Water is vital for the life and survival of all plants.
Water is also essential for the transportation of nutrients and sugars from the soil to the plants. All plants will suffer from water shortage or drought at some point. This can be fatal in some cases or severely slow the growth of those plants. Plants suffering from a prolonged drought can be left susceptible to secondary infection by pests and pathogens.
Limitation of urban soils to retain water
In the urban setting, the soils are often found to have less structure and a greater density than soils found in a more naturalized setting. This is a direct result of the urbanization of cities. In newly developed areas or even the new builds in Toronto, the developers are taking away all the old nutrient-rich soils and replacing it with just a thin layer of top soil. These soils have few nutrients and are very low in the organic matter that all plants and trees need to thrive. This also results in the reduction of pore space within the soil and ultimately reduces the plant’s availability to access water.
In Toronto, soils are often found surrounded by pavement and concrete. This raises the internal temperature of the soils, which inhibits the development of the microbiology and nutrients within the soil. Paving around the trees and plants in the city does not allow the water needed to penetrate the root zone of those plants.
The development of hard-scape surfaces throughout the city ultimately promotes more evaporation rather than the retention of water into the soils. Compaction in the urban environment is another major issue for the development of plants and trees. Compacted soils lead to a lot of run off and the water is unable to saturate the ground properly.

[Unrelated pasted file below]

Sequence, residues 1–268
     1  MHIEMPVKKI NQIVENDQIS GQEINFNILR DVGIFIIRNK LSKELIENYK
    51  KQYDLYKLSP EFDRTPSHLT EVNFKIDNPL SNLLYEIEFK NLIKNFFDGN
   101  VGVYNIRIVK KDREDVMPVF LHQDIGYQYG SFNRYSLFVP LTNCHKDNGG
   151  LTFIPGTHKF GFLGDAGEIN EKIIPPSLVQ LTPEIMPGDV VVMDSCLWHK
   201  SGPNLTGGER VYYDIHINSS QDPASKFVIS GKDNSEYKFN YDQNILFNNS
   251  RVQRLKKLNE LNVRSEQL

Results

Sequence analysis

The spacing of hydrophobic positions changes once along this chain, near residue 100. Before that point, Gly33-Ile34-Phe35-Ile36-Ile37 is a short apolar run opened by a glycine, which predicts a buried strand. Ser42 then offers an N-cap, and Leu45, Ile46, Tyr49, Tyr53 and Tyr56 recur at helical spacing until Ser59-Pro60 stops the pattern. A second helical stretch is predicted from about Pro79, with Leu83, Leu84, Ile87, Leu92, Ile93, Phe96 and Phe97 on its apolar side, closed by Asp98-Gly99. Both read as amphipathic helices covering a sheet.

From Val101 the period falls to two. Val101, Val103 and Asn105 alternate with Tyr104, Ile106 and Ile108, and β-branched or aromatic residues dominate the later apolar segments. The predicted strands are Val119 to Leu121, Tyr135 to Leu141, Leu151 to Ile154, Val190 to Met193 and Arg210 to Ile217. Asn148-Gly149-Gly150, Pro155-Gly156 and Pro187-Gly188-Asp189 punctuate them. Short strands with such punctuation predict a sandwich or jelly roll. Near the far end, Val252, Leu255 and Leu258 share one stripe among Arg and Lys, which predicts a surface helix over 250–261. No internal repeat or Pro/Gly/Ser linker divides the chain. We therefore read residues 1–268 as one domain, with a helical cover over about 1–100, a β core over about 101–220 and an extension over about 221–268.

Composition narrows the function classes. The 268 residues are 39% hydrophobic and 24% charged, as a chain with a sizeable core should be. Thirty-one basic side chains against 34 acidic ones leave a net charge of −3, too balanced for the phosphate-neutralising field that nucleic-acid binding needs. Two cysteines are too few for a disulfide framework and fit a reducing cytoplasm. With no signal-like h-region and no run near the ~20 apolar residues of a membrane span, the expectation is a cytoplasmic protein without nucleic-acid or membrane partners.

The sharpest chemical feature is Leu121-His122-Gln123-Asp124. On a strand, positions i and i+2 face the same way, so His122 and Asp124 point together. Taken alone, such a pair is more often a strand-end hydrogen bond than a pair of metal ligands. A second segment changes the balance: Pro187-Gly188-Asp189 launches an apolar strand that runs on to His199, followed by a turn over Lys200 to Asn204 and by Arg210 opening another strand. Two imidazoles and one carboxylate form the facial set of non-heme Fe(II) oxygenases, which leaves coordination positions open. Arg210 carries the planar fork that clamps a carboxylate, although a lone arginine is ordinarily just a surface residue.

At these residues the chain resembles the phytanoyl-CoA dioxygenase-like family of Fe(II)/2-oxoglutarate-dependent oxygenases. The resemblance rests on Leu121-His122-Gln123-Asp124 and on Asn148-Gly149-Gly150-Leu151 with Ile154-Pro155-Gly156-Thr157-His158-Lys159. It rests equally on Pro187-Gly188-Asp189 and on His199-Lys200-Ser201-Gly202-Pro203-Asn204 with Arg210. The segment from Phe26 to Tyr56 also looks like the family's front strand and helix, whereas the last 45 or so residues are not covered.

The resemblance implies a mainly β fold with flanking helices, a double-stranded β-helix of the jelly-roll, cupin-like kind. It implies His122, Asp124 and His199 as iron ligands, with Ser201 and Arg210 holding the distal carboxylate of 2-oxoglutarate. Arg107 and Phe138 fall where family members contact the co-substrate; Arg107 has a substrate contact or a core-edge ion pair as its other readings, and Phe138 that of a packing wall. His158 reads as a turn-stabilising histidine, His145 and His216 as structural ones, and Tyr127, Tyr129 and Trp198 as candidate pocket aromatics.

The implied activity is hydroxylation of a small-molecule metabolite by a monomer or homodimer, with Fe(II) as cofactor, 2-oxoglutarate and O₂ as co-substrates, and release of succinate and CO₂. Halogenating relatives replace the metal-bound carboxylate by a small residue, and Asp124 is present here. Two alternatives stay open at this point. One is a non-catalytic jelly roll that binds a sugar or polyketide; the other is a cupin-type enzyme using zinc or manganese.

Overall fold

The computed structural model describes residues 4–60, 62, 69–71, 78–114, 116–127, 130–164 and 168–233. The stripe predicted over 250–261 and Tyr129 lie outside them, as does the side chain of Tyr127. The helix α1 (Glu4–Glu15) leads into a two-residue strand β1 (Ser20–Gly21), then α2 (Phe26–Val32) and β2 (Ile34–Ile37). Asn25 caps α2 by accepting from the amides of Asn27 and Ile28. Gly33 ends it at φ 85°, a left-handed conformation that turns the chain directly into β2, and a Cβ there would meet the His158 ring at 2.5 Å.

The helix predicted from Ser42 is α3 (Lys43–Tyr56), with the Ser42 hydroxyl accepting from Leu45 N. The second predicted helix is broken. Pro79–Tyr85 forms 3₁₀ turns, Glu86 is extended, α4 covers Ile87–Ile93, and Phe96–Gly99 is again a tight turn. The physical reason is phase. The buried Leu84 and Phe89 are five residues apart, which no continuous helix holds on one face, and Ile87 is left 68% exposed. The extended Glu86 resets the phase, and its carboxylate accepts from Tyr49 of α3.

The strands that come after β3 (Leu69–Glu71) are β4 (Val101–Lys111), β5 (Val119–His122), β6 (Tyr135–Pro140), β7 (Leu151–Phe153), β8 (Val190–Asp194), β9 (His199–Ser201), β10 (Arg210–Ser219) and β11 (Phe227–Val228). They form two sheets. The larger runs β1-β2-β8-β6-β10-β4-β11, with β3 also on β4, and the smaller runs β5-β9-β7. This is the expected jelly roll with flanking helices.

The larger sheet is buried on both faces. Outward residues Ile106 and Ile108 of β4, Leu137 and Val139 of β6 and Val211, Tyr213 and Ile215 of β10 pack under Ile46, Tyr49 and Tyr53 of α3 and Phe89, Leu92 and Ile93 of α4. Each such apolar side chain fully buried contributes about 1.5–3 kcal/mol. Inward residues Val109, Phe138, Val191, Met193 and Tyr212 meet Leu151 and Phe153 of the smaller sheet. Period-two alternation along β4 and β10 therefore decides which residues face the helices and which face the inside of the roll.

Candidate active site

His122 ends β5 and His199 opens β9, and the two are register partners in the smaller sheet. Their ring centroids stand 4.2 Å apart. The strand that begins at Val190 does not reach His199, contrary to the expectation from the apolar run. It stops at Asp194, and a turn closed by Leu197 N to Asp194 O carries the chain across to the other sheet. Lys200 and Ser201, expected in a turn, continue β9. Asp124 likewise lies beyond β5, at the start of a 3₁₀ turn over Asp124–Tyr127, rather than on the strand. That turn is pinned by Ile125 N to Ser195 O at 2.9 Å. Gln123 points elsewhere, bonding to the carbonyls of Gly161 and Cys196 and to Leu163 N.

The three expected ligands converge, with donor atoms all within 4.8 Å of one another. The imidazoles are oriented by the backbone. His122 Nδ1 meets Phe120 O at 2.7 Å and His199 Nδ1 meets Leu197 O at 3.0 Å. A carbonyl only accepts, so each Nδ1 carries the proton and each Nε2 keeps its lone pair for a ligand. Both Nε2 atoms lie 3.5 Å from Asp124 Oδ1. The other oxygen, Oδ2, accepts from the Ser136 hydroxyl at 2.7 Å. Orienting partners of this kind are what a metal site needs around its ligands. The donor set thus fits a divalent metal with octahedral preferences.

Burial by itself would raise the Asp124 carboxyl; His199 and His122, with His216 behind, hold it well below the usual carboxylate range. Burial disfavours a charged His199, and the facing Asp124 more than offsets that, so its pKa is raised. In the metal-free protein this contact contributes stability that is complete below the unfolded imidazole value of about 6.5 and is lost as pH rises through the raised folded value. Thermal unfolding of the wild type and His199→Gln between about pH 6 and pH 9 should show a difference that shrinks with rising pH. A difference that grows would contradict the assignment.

Why does typical irrigation not work with trees?
Typical irrigation does not work for trees because it tends to focus solely on the first few inches of the soil, which is only good for grass and flowers. This is also inefficient for trees because normal irrigation loses up to half of the water to evaporation. This type of irrigation can also lead to soil compaction.
Trees need more deep watering, which you do not get from typical home irrigation. Deep watering promotes deep root growth of trees and shrubs and will help the tree be more drought-tolerant.
Depending on the season, young or newly planted trees should be kept moist at all times so the roots do not dry out. Mulch around the base of the tree will help retain some of that moisture.
How can we collect water and target it into the soil at depth?
- Aeration Tubes – Once installed properly within the tree root zone, the aeration tubes allow us to directly feed the roots and make sure the sure the tree is being watered properly; This is done by creating space throughout the root zone of the tree allowing water to enter the soil at depth. It is watering and feeding the trees root system directly. The installation of aeration tubes will also alleviate any compaction around the base and drip line of the tree.
- Soaker Hoses – are an efficient way to water trees, as they are porous and release water very slowly so you can get that deep root watering. Encircle the tree with a spiral of soaker house and run it for an hour or more, or as long as it takes for water to penetrate 6 to 10 inches of the soil.
- Dry Wells – The idea behind the dry wells are to capture and hold the wasted storm water and reuse it at depths for watering the trees. The dry wells can be installed to capture eaves troughs downspouts and channel it to a storage tank underground in proximity to trees. Slowly the water will percolate out of the dry well and into the soil below grade where it benefits the trees root zone.